To promote democracy around the world, the United States spends hundreds of millions of dollars annually in developing nations. But when it comes to the mechanics of democracy itself in the United States, some don’t even want to pony up $9.6 million. That’s the budget for the obscure, 25-employee Election Assistance Commission (EAC). Created by Congress in 2002, the bipartisan EAC is meant to be a resource for states and localities on election administration. That means everything from designing ballots, to procedures and manuals on election administration, to maintaining voting machines. And lest anyone believe that this is the big hand of the federal government reaching down to something controlled by states and counties, all the EAC does is set guidelines and advise. It does not enforce laws.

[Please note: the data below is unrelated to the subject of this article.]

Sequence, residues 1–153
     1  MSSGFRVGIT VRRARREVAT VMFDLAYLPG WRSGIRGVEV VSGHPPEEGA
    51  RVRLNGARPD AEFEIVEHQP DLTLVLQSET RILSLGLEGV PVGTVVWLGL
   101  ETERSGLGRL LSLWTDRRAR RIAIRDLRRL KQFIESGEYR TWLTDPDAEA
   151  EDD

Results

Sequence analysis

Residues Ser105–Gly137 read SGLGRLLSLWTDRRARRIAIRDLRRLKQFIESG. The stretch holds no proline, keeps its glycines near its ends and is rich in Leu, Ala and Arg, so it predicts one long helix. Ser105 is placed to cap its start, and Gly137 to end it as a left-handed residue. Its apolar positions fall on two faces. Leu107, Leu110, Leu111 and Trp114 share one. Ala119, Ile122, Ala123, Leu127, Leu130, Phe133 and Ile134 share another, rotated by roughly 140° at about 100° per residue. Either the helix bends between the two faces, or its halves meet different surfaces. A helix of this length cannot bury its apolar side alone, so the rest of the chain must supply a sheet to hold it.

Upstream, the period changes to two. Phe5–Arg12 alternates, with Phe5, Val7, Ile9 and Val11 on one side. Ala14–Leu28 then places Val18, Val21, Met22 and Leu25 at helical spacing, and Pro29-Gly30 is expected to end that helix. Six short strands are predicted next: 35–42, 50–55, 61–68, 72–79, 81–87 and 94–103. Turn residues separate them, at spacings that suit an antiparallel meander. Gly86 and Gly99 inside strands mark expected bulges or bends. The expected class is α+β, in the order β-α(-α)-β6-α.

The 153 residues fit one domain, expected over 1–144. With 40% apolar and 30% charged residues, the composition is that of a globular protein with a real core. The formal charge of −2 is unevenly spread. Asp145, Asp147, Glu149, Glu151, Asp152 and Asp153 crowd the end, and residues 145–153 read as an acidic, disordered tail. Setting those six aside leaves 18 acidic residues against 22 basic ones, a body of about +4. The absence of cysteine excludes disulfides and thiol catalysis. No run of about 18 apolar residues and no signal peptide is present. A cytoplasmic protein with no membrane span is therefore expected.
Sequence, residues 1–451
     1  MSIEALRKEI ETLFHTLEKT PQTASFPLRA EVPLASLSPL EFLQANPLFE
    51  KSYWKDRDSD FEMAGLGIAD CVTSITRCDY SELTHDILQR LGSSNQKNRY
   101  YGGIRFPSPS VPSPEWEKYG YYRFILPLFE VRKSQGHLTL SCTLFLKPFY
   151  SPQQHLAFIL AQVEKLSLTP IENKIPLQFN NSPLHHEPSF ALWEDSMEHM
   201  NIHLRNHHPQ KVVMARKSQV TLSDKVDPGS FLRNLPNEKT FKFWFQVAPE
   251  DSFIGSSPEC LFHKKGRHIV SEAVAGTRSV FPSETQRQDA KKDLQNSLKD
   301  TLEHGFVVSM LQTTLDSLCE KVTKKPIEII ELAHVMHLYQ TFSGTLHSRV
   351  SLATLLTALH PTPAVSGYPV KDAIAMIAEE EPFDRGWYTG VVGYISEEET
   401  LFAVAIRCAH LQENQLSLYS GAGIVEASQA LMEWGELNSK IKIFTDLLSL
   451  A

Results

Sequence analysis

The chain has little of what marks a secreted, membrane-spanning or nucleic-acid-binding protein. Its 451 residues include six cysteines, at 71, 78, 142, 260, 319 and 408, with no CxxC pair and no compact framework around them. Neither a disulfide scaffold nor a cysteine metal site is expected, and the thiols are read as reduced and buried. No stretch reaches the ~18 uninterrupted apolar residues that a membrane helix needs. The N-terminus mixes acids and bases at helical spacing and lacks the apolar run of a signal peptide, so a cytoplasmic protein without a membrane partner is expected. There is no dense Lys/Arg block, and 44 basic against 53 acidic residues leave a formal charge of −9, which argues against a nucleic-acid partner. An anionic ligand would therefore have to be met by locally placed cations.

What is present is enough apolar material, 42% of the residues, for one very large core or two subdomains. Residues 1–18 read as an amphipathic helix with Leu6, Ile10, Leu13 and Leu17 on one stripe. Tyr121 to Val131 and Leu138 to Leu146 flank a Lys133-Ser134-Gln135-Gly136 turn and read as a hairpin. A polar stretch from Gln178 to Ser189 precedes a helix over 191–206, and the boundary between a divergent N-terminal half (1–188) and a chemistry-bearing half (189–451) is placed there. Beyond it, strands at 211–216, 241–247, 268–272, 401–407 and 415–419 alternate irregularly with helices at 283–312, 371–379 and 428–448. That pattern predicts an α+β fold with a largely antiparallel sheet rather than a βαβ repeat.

In fact, the EAC’s role is critically important right now. In the same legislation that created the EAC, Congress appropriated $2 billion to the states to upgrade their voting machines. Virtually all of them did so. It was a necessary step after the 2000 election debacle. Failing punch cards and lever machines were replaced with newer systems that were more accurate, and that had the added benefit of allowing millions of voters with disabilities to vote privately and independently for the first time.
The problem is these machines are reaching (or have reached) the end of their lifespan. Unlike the mechanical lever machines of years ago, today’s machines were not intended to last decades. No one expects a laptop computer to last 10 years. It’s no different with an electronic voting machine.
The Presidential Commission on Election Administration identified this problem last year when it warned there is an “impending crisis … from the widespread wearing out of voting machines purchased a decade ago.” In testimony before the Commission, Ohio Secretary of State Jon Husted noted, “The next time we go to the polls to elect a president, these machines will be 12 years old. That’s a lifetime when it comes to technology.”
Full Article: The coming voting machine crisis | TheHill.